in electromagnetic or chemical characteristics and infer levels
of deterioration and corrosion. Some of this research builds
on technology from the medical sciences, including magnetic
WARRIORS Hearty motors and gear-trains are the
costly parts. (Photo by Tom Sawyer of ENR)
Another area of study at Carnegie Mellon with crossover potential
is remote sensing using miniature robots. The idea driving
the work, undertaken for the U.S. Marine Corps, is to create
a series of "mini-bots" that can self-navigate and
scurry through ventilation ducts or other confined spaces.
They use lasers, video, thermal or acoustic sensors to navigate,
peer through vents and map layouts to locate hostile characters
and dangers, reporting back wirelessly to their operators.
The goal is to make them small,
robust and cheap, and to endow them with a variety of modular
sensors that can be snapped onto a common frame. They are
designed to work in concert. Some versions assemble themselves
end to end and climb over obstructions or stairs, then scatter
again to reconnoiter. There is even a repair-bot in development
that can find a damaged or trapped fellow and, using a built
in fork-lift, free it or remove defective modules and replace
them on the spot. "Once small robots catch on, there
will be many places they could be used that nobody has ever
thought of," says researcher Robert Grabowski.
Other researchers are testing
laser scan monitoring of ongoing steel erection for early
defect detection. Others are searching for ways to improve
jobsite information flow. The work ranges from creating daily
reporting systems to experimenting with wireless data networks.
They want to better understand the weaknesses and strengths
of such networks with an eye toward using them on construction
sites. Chips on tools, people and equipment could use networks
to automatically report real-time status of activity all over
the site, opening up many new possibilities for productivity
enhancement and quality control.
RESULTS Polytechnic researchers develop sequencing
tools for complex work. (Graphics top left courtesy of
Brooklyn Poly-technical University; Photo by Tom Sawyer
"There is a tremendous amount
of technology we don't have to develop ourselves, but there
is a lot of research needed on what is the most appropriate
use," says Carnegie Mellon civil and environmental engineering
professor James Garret, who directs the labs. "You have
to really understand the problem that is being encountered
in the field."
The picture at Carnegie Mellon
is repeated at many other institutions. Researchers at Arizona
State University's Del E. Webb School of Construction are
studying cemented soils, green building, and the use of geographic
information systems and satellite positioning technology to
coordinate activities on complex, multiple-site construction
projects, such as super housing-tract developments.
In most cases, research is conducted
in partnership with government or industry. At Brooklyn, N.Y.'s
Polytechnic University, which has a graduate-level program
in construction engineering and management, one research partner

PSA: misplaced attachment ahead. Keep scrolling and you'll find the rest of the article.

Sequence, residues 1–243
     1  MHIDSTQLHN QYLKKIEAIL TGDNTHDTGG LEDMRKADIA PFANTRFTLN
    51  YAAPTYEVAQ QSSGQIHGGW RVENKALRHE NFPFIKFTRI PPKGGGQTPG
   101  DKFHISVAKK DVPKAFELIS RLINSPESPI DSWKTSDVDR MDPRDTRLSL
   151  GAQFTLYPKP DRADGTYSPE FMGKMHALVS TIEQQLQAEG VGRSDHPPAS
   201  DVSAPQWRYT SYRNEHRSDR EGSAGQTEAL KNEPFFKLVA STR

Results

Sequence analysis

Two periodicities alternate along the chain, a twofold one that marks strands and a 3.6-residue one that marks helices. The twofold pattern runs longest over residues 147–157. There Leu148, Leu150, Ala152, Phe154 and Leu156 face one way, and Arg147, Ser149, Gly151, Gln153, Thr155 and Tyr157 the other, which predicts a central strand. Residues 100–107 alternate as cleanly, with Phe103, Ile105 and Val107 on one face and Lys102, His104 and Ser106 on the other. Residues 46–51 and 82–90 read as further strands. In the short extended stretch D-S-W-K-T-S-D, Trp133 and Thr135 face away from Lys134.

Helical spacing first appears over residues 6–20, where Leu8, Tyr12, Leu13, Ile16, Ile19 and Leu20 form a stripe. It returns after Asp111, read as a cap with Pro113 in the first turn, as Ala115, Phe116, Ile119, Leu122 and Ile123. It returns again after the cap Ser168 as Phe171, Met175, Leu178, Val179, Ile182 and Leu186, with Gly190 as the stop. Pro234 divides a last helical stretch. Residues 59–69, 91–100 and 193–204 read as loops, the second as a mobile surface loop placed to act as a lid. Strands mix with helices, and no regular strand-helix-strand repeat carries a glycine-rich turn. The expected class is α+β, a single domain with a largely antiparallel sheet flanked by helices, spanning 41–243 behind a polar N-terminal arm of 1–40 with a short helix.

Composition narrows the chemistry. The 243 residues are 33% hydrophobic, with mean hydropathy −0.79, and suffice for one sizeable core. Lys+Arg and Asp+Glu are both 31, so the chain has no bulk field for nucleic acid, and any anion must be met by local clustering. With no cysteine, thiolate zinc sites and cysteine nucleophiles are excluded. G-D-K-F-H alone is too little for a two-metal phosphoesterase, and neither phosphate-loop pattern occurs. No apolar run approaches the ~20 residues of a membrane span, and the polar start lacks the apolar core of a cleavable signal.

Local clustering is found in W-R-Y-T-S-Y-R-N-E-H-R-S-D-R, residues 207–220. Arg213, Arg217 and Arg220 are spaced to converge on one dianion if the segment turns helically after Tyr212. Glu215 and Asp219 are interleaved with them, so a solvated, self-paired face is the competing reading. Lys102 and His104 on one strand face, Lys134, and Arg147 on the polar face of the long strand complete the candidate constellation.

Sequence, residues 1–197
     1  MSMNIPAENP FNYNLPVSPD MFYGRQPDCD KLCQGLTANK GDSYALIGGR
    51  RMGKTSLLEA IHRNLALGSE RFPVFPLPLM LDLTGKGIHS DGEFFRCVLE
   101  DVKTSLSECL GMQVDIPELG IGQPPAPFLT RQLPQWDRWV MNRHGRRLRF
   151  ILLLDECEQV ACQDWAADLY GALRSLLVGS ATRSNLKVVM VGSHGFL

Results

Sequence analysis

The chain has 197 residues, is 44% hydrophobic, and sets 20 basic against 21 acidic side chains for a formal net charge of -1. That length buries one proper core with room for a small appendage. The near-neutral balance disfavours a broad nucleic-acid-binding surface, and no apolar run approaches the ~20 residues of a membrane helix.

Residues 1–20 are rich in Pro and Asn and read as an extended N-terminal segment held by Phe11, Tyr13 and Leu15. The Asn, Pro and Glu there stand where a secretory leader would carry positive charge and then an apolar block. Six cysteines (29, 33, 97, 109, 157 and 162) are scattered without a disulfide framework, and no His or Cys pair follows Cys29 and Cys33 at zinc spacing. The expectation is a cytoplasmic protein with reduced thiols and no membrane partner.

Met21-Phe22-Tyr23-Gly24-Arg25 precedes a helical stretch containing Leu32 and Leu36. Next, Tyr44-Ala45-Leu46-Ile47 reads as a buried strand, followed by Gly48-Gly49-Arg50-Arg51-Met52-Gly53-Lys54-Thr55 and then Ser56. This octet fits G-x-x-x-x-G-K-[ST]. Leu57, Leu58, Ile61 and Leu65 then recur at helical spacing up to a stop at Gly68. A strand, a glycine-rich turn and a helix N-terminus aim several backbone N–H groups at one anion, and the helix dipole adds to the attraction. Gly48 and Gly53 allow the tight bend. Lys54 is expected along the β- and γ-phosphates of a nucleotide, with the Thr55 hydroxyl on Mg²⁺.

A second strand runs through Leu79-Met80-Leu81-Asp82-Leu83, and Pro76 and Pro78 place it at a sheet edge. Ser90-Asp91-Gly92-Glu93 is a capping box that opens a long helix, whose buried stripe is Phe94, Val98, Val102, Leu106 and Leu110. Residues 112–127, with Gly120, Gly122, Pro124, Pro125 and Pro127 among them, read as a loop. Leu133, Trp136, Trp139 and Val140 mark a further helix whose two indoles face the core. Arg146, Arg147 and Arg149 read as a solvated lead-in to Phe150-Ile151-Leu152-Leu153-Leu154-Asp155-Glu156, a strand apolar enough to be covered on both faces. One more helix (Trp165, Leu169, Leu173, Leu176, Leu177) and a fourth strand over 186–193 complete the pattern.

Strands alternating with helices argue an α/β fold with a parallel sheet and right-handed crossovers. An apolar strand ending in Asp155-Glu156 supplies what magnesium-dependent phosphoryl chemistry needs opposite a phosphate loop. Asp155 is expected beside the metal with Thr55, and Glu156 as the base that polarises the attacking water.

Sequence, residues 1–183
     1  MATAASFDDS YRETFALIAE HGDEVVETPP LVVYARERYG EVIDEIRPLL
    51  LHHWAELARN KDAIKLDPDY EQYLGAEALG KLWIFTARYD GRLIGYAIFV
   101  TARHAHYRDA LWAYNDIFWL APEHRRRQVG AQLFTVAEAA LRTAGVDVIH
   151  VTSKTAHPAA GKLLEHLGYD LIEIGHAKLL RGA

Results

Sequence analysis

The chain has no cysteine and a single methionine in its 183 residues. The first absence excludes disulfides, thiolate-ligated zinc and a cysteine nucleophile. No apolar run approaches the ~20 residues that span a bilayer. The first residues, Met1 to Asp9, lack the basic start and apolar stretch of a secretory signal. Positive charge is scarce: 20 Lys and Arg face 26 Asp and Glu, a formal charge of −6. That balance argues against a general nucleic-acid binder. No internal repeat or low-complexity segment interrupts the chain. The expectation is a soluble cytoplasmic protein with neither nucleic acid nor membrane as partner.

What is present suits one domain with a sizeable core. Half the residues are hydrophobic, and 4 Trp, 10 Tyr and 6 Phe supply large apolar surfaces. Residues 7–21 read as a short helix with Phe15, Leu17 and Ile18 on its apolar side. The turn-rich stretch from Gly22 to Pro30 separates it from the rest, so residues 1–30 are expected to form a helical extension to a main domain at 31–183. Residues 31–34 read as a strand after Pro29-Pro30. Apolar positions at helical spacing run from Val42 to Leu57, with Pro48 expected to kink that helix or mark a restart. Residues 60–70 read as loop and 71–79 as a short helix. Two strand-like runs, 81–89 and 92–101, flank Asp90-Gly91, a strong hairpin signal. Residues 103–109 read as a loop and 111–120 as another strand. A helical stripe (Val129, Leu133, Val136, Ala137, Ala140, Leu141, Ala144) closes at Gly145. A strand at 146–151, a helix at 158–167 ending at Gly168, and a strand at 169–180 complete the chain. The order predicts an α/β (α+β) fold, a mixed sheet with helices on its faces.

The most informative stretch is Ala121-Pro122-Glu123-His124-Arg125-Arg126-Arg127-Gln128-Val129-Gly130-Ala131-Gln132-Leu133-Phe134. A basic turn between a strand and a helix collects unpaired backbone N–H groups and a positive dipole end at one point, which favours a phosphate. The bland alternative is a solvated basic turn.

is the agency that builds and manages New York City's subways.
A current project is to develop
3D and 4D models of a planned elevated subway platform renovation
in a severely constrained, high-traffic site. Sequencing alternating
phases of demolition and construction while keeping the station
in use is a typical problem with subway renovations, although
in this case it is exacerbated by the need to keep streets
and sidewalks below unencumbered as well. Researchers expect
to transfer technology directly to the Metropolitan Transit
Authority for replication on future projects.
LAB NIST project pushes job quality control boundaries
to achieve high standards for re-search. (Photo by Tom
Sawyer for ENR
Another research project pursued
at Polytechnic by Eric Hsiao-Hua Chang, takes the 4D sequence
scheduling problem even further by bringing multiple sequences
into a single model. He calls his patented approach NDCON,
for n-dimensional construction management information system.
The goal is to provide a tool to help contractors adjust and
re-balance complex schedules when the effects of delays ripple
through other disciplines. Polytechnic has often found itself
at the applied end of the research spectrum, as it is construction
manager of the school's own multi-project, $95- million construction
But one of the most striking examples
of putting your construction where your research is has to
be a project to construct a new Advanced Measurement Laboratory
at the National Institute of Standards and Technology in Gaithersburg,
Md. Every aspect of the $235-million project is infused with
the proceeds of research, from the distributed and collaborative
design activities and project management, to the design features,
quality control measures and construction techniques used
to build the structures.
The facility is a cluster of linked
buildings, more than half a million sq ft in total. It includes
a clean room, two highly controlled instrument labs and two
metrology labs buried underground to shelter them from vibrations
and temperature changes. In one, temperatures will be held
to a tolerance of +/-0.01°C. That is quality control.